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I'll share an example that is similar to this so that OP understands addiction. My best friend is 59. He's been a heavy smoker for about 42 years. He had a stroke at age 46 and is permanently disabled with no use of his left arm and damage to his left foot. He didn't quit smoking after being in a hospital and rehab for 8 weeks. This past spring he had his third heart attack. This one wasn't especially bad, but in the hospital his lungs started filling with fluid and couldn't work properly due to the damage from the smoking. He went into a coma and came out about a week later and was able to come off of the ventilator. He went to a rehab facility and had a setback which caused him to go back to the hospital. Finally after another two weeks he went back to the rehab facility. This time he came home after 9 weeks total without smoking. He started smoking right away. It will eventually kill him. He knows that and those are his choices. His brother is paying for much of his living expenses, but his disability check goes to cartons of smokes each month. His brother and I love him dearly, but we realized a long time ago that we can't fix him. It sounds pathetic, but it's just another example of what addiction can do.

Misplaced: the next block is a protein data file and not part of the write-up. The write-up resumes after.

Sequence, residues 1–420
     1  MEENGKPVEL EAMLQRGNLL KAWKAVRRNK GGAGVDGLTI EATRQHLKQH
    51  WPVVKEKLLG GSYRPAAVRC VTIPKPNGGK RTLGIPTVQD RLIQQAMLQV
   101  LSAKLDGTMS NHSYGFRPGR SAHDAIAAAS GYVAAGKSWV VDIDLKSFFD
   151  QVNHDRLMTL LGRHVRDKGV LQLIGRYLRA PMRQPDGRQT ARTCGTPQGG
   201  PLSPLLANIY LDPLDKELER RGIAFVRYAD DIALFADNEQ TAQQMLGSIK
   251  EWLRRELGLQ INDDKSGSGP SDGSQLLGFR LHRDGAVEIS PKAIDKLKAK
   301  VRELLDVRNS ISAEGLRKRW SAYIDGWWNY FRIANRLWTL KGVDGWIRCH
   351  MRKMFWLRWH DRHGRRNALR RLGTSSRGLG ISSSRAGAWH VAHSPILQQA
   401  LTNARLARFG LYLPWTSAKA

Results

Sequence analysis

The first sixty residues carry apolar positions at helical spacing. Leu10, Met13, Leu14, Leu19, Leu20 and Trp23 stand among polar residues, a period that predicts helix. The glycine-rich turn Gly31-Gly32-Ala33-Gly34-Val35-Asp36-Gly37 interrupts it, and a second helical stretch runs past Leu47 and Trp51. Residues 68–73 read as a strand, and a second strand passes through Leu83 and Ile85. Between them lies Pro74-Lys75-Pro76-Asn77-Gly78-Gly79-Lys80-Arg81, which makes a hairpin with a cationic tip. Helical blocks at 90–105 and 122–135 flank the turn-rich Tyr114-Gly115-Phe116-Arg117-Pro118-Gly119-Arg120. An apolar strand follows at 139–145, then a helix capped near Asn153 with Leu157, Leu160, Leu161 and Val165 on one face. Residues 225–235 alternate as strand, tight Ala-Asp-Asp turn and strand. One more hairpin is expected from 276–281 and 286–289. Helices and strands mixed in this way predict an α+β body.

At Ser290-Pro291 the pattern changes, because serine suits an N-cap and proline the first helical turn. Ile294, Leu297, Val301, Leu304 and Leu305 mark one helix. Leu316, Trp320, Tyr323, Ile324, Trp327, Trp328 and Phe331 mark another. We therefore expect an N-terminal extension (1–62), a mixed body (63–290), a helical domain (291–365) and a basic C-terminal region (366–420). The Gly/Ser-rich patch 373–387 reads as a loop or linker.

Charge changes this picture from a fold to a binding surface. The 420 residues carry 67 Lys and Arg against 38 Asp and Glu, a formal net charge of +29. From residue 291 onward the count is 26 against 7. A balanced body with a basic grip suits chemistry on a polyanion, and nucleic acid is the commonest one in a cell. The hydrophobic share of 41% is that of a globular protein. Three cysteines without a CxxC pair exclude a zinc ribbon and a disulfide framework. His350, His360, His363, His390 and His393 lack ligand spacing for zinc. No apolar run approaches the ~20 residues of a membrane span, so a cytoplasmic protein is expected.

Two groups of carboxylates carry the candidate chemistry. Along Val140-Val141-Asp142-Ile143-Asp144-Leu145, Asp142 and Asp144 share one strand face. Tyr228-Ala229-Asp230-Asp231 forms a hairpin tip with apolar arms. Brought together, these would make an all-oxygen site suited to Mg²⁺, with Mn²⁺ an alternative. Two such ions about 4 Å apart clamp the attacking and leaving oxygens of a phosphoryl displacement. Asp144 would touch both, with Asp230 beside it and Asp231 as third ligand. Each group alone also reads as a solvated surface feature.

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Might not be able to help but you may want to at least keep trying or let them know you are there for if they decide they want your help. Best not to judge as that may just push them further. No experience in this. I would ban cigarettes as they provide no benefit.
 

Jan M.

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I'll share an example that is similar to this so that OP understands addiction. My best friend is 59. He's been a heavy smoker for about 42 years. He had a stroke at age 46 and is permanently disabled with no use of his left arm and damage to his left foot. He didn't quit smoking after being in a hospital and rehab for 8 weeks. This past spring he had his third heart attack. This one wasn't especially bad, but in the hospital his lungs started filling with fluid and couldn't work properly due to the damage from the smoking. He went into a coma and came out about a week later and was able to come off of the ventilator. He went to a rehab facility and had a setback which caused him to go back to the hospital. Finally after another two weeks he went back to the rehab facility. This time he came home after 9 weeks total without smoking. He started smoking right away. It will eventually kill him. He knows that and those are his choices. His brother is paying for much of his living expenses, but his disability check goes to cartons of smokes each month. His brother and I love him dearly, but we realized a long time ago that we can't fix him. It sounds pathetic, but it's just another example of what addiction can do.